I am not about to embrace Nixon, but I am hoping for a Nixonian defeat of socialism. To remind the readers, Nixon won 49 states with McGovern capturing Massachusetts and the District of Columbia, while not even carrying his home state of South Dakota. I never thought in my life that socialism would be an alternative for the United States, but here we are. Here is hoping the socialism movement in the U.S. follows the path of Jeremy Corbyn in the U.K. Capitalism might not be perfect, but it has raised the living standards of many millions of people while socialism has only brightened the lives of the “elite” that thrust the system upon the people of their country.

Until next month.



Core Bond Fund

One Month
(as of 2/29/20)
YTD
(as of 2/29/20)
1 Year
(as of 12/31/19)
3 Years
(as of 12/31/19)
Since Inception
(as of 12/31/19)
Core Bond Fund-I Shares 1.72% 3.70% 9.78% 4.45% 3.24%
Bloomberg Barclays US Aggregate Bond Index 1.80% 3.76% 8.72% 4.03% 2.91%
Lipper Core Bond Fund Average 1.44% 3.36% 8.69% 3.80% 2.70%
Lipper Percentile Rank 17% 12%

*Lipper Percentile Rank is based on risk-adjusted performance. Lipper Category: Core Bond Funds. Number of Funds in Category: 512 (1 Year) and 452 (3 Year). Gross Expense Ratio 0.87%, Net Expense Ratio 0.50%.

Limited Duration Fund

One Month
(as of 2/29/20)
YTD
(as of 2/29/20)
1 Year
(as of 12/31/19)
3 Years
(as of 12/31/19)
Since Inception
(as of 12/31/19)
Limited Duration Fund-I Shares 0.60% 1.20% 4.39% 2.29% 1.69%
Bloomberg Barclays Government/Credit 1-3 Year Index 0.82% 1.37% 4.03% 2.15% 1.65%
Lipper Short Investment Grade Debt Fund Average 0.43% 1.06% 4.45% 2.38% 1.85%
Lipper Percentile Rank 54% 56%

*Lipper Percentile Rank is based on risk-adjusted performance. Lipper Category: Short Investment Grade Debt Funds. Number of Funds in Category: 365 (1 Year) and 314 (3 Year). Gross Expense Ratio 0.84%, Net Expense Ratio 0.50%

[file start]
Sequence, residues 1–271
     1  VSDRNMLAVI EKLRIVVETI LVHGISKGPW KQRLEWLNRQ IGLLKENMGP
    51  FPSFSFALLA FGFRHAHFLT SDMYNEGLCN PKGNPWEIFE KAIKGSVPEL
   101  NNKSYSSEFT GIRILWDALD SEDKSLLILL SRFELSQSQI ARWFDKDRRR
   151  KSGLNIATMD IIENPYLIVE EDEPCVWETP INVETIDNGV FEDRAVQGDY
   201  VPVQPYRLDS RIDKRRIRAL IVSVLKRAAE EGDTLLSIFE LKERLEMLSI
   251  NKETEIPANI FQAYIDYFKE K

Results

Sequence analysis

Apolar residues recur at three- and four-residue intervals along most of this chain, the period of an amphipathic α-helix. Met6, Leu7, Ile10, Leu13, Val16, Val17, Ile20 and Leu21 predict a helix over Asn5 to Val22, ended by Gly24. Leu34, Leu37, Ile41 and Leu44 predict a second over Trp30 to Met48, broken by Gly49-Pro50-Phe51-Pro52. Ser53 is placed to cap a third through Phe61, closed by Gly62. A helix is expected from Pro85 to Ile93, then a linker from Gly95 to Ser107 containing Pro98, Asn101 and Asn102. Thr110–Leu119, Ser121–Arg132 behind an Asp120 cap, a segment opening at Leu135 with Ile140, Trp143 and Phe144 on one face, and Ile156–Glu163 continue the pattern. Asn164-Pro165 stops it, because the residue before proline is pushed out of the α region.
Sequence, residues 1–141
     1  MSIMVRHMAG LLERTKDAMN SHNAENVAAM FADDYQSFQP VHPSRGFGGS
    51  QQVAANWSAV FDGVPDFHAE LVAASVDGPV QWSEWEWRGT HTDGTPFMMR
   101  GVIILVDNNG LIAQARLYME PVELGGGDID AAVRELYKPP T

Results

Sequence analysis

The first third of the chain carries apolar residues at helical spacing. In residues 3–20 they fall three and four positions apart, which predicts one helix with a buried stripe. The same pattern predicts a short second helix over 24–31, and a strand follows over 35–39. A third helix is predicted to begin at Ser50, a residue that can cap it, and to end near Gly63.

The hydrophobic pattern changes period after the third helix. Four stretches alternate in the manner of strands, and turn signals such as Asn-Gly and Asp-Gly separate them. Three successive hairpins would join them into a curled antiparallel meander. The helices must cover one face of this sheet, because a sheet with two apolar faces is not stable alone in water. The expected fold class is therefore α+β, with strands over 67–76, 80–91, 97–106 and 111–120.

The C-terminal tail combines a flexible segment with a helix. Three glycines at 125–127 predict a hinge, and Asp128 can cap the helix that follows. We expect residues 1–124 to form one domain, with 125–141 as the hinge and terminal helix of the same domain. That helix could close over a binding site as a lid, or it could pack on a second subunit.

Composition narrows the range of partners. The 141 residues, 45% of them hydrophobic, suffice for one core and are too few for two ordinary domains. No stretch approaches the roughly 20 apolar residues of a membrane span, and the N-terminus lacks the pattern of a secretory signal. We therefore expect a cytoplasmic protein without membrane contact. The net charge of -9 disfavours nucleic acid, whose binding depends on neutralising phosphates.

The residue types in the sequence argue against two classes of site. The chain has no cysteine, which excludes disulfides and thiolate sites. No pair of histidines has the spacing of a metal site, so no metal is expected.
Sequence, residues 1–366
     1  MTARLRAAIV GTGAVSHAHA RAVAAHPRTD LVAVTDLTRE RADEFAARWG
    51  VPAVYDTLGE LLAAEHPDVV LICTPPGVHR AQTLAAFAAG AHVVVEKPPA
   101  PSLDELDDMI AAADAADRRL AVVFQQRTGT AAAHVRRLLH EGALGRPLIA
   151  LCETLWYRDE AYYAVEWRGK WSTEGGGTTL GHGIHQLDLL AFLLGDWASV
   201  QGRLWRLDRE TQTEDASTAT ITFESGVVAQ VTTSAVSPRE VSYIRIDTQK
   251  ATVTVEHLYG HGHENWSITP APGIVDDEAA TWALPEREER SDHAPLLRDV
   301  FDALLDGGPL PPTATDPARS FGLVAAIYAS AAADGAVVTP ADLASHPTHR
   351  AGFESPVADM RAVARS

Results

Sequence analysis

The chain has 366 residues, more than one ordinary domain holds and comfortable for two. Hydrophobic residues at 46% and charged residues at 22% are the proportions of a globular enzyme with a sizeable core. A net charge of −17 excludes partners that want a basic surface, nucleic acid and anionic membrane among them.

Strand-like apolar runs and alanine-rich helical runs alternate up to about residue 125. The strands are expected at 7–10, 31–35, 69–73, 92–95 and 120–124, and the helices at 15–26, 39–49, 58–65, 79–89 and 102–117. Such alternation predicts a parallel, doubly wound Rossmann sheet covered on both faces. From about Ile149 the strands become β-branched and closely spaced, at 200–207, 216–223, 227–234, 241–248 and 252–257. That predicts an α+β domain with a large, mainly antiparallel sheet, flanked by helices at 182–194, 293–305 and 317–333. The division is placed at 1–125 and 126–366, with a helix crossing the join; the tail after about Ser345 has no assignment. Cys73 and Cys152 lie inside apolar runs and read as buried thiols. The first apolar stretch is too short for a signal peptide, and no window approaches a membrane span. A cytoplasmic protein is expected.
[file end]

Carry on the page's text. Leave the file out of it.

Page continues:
Large Cap Growth Fund

One Month
(as of 2/29/20)
YTD
(as of 2/29/20)
1 Year
(as of 12/31/19)
3 Years
(as of 12/31/19)
Since Inception
(as of 12/31/19)
Large Cap Growth Fund-I Shares -6.82% -4.41% 30.68% 16.31% 10.16%
Russell 1000 Growth Index -6.81% -4.73% 36.39% 20.49% 13.97%
Lipper Multi-Cap Growth Fund Average -5.91% -3.96% 31.38% 17.67% 10.82%
Lipper Percentile Rank 55% 63%

*Lipper Percentile Rank is based on risk-adjusted performance. Lipper Category: Multi-Cap Growth Funds. Number of Funds in Category: 549 (1 Year) and 493 (3 Year). Gross Expense Ratio 1.10%, Net Expense Ratio 0.90%.

Large Cap Value Fund

One Month
(as of 2/29/20)
YTD
(as of 2/29/20)
1 Year
(as of 12/31/19)
3 Years
(as of 12/31/19)
Since Inception
(as of 12/31/19)
Large Cap Value Fund-I Shares -9.28% -11.20% 28.44% 10.74% 8.70%
Russell 1000 Value Index -9.68% -11.63% 26.54% 9.68% 8.42%
Lipper Multi-Cap Value Fund Average -9.67% -12.53% 24.84% 8.61% 7.08%
Lipper Percentile Rank 22% 17%

*Lipper Percentile Rank is based on risk-adjusted performance. Lipper Category: Multi-Cap Value Funds. Number of Funds in Category: 463 (1 Year) and 397 (3 Year). Gross Expense Ratio 1.11%, Net Expense Ratio 0.90%.

Small Cap Fund

One Month
(as of 2/29/20)
YTD
(as of 2/29/20)
1 Year
(as of 12/31/19)
3 Years
(as of 12/31/19)
Since Inception
(as of 12/31/19)
Small Cap Equity Fund-I Shares -9.67% -12.21% 24.19% 6.54% 5.93%
Russell 2000 Index -8.42% -11.36% 25.52% 8.59% 7.95%
Lipper Small Cap Fund Average -9.64% -12.88% 23.70% 6.49% 6.72%
Lipper Percentile Rank 45% 49%

*Lipper Percentile Rank is based on risk-adjusted performance. Lipper Category: Small-Cap Core Funds. Number of Funds in Category: 922 (1 Year) and 832 (3 Year). Gross Expense Ratio 1.17%, Net Expense Ratio 1.05%.

International Equity Fund

One Month
(as of 2/29/20)
YTD
(as of 2/29/20)
1 Year
(as of 12/31/19)
3 Years
(as of 12/31/19)
Since Inception
(as of 12/31/19)
International Equity-I Shares -7.61% -10.05% 18.02% 10.62% 5.80
FTSE All World Ex US Index -7.93% -10.43% 22.20% 10.29% 5.21%
Lipper International Multi-Cap Fund Average -7.64% -10.06% 20.63% 8.43% 3.87%
Lipper Percentile Rank 80% 6%

*Lipper Percentile Rank is based on risk-adjusted performance. Lipper Category: International Multi-Cap Core. Number of Funds in Category: 422 (1 Year) and 368 (3 Year). Gross Expense Ratio 1.39%, Net Expense Ratio 1.10%.

Global Real Estate

One Month
(as of 2/29/20)
YTD
(as of 2/29/20)
1 Year
(as of 12/31/19)
3 Years
(as of 12/31/19)
Since Inception
(as of 12/31/19)
Global Real Estate-I Shares -7.40% -6.15% - - -
FTSE EPRA/NAREIT Developed Index -8.19% -7.39% - - -
Lipper Real Estate Average -7.33% -5.80% - - -
Lipper Percentile Rank - -

*Lipper Percentile Rank is based on risk-adjusted performance. Lipper Category: Real Estate Classification. Number of Funds in Category: 254 (1 Year) and 224 (3 Year). Gross Expense Ratio 1.43%, Net Expense Ratio 1.00%.

Long-Short Equity Fund

One Month
(as of 2/29/20)
YTD
(as of 2/29/20)
1 Year
(as of 12/31/19)
3 Years
(as of 12/31/19)
Since Inception
(as of 12/31/19)
Long-Short Equity – I Shares -3.35% -7.98% - - -